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Troupe style

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Troupe Style Play is an approach to role-playing where each player controls multiple characters and changes between them as the story requires, similar to a small repertory company where a single actor plays one character in Act I and then changes costume to play a different character in Act II. This is in contrast to the more typical style of role-playing, in which every player has one character and plays that character exclusively for an entire game session.

In the context of Ars Magica, there are degrees of troupe style play[1]. Some of these involve changing which player acts as storyguide from one session to the next, allowing every player to have a magus character.

Using Troupe Style[edit]

Troupe style is optional. Although the Fifth Edition (and earlier) rule books refer to a gaming group as a "troupe," that is not meant to dictate a particular style of play. Thus, while every Ars Magica belongs to a troupe, not every troupe plays in the troupe style.

Aspects of Troupe Style[edit]

In Ars Magica, there are two independent aspects to troupe style play.

Multiple Characters[edit]

In troupe style play, each player typically has one primary character who no one else can control. Since Ars Magica is focused on wizards and magic, very often this primary character is the player's magus. Each player may also have exclusive control over one or more secondary characters, such as companions or grogs.

One variation of troupe-style play, called "Pooled Characters"[2] involves the troupe creating a shared "pool" of supporting characters (usually grogs) whom anyone can play. Such characters might be played by one person for the whole session, or even change hands when the scene changes.

Multiple Storyguides[edit]

Whether or not the troupe uses multiple characters per player, it is also possible to share the responsibilities of the storyguide. The troupe always plays the same characters from the same covenant, but when planning each session, the troupe decides who will be the storyguide for that game. That player's character is then absent for the story (or relegated to a very minor role) and the player runs a story for the other players.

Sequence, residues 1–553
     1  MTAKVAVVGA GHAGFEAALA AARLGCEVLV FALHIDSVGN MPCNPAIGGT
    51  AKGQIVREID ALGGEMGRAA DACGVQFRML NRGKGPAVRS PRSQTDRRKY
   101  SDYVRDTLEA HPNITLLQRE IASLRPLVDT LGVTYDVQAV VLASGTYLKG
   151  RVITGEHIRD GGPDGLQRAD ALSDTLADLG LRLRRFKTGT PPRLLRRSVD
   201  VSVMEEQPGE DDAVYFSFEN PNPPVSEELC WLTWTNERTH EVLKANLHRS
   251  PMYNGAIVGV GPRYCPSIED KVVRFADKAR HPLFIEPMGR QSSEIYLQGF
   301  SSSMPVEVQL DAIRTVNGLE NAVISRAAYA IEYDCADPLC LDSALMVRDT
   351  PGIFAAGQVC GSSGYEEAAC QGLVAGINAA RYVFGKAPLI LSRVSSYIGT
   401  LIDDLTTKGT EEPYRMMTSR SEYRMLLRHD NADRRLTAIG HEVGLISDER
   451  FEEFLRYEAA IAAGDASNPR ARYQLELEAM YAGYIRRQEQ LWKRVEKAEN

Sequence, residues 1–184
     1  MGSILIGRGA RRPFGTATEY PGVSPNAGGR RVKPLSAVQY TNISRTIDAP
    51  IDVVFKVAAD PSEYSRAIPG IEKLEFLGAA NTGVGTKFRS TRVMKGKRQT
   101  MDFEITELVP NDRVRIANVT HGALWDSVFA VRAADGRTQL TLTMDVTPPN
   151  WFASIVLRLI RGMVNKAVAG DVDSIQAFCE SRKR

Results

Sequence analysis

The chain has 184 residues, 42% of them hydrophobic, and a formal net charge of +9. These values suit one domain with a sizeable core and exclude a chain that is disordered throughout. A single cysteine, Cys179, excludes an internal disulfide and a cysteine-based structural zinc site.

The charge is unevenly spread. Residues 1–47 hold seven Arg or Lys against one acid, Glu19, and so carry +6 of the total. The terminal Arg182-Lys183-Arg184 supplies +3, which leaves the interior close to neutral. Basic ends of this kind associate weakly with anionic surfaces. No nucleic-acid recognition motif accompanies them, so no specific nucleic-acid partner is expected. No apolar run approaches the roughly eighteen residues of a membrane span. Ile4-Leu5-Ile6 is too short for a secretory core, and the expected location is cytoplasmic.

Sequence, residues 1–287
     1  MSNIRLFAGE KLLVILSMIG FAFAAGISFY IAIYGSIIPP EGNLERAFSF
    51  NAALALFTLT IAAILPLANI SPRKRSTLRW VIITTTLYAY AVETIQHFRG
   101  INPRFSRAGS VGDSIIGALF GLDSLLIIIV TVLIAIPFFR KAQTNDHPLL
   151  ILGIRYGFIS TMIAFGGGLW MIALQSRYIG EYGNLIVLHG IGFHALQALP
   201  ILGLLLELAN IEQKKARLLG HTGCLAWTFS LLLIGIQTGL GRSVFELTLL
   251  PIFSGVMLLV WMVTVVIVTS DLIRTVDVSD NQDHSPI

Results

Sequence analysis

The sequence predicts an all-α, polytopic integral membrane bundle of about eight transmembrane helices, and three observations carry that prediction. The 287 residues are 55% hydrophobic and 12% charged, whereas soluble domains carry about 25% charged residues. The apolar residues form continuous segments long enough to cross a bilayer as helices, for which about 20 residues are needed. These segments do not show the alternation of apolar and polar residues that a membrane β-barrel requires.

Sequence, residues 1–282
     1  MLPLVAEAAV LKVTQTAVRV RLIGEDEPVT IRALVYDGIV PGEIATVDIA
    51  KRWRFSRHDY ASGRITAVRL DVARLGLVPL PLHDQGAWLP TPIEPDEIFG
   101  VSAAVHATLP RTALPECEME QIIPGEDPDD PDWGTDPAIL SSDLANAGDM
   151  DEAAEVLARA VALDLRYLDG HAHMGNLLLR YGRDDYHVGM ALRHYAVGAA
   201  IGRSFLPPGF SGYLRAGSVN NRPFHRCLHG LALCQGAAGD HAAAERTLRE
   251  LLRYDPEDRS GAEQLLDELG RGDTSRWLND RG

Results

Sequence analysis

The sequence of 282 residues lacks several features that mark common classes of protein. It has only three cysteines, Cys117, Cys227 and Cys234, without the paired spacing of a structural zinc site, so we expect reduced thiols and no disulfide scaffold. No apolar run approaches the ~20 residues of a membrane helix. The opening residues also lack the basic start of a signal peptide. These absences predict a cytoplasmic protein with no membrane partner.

Some troupes prefer to have one person act as storyguide most of the time, with guest appearances by other storyguides. This primary storyguide is called the Alpha storyguide. Other troupes prefer to share the duties of storyguide more equally, so there is no one person who is identifiable as the "Alpha." Another variant is to have an Alpha storyguide who runs the majority of stories, but one or more "Beta" storyguides who pitch in less frequently.

Whimsy Cards[edit]

A third aspect of troupe-style play, which was present in ArM1[3] and ArM2[4] but not in Third Edition or later, is Whimsy cards. These were randomized cards that invited players to improvise in the story, briefly taking over the job of narrator. Whimsy cards therefore created opportunities for all the players to influence the story, with an emphasis on improving the quality of the narrative rather than gaining an in-game advantage.

Example of Troupe Style[edit]

Andrew and John are players. John's magus Prospero is busy with a laboratory project, so the storyguide tells him to play his companion, Friar Matthew, instead for this session. Andrew's magus is not busy so the storyguide tells him he can play either Cyrus, his magus, or Baldwin the Bard, his companion -- but not both. Andrew decides to play Cyrus. Cyrus and Friar Matthew decided to bring one grog with them for protection, and the troupe is using pooled grogs. They pick Edgar the Tough out of the pool. Andrew and John agree that Andrew should play Edgar most of the time, because Cyrus's Gift makes it difficult for him to talk to mundanes and Andrew wants something to do during dialogue-heavy scenes.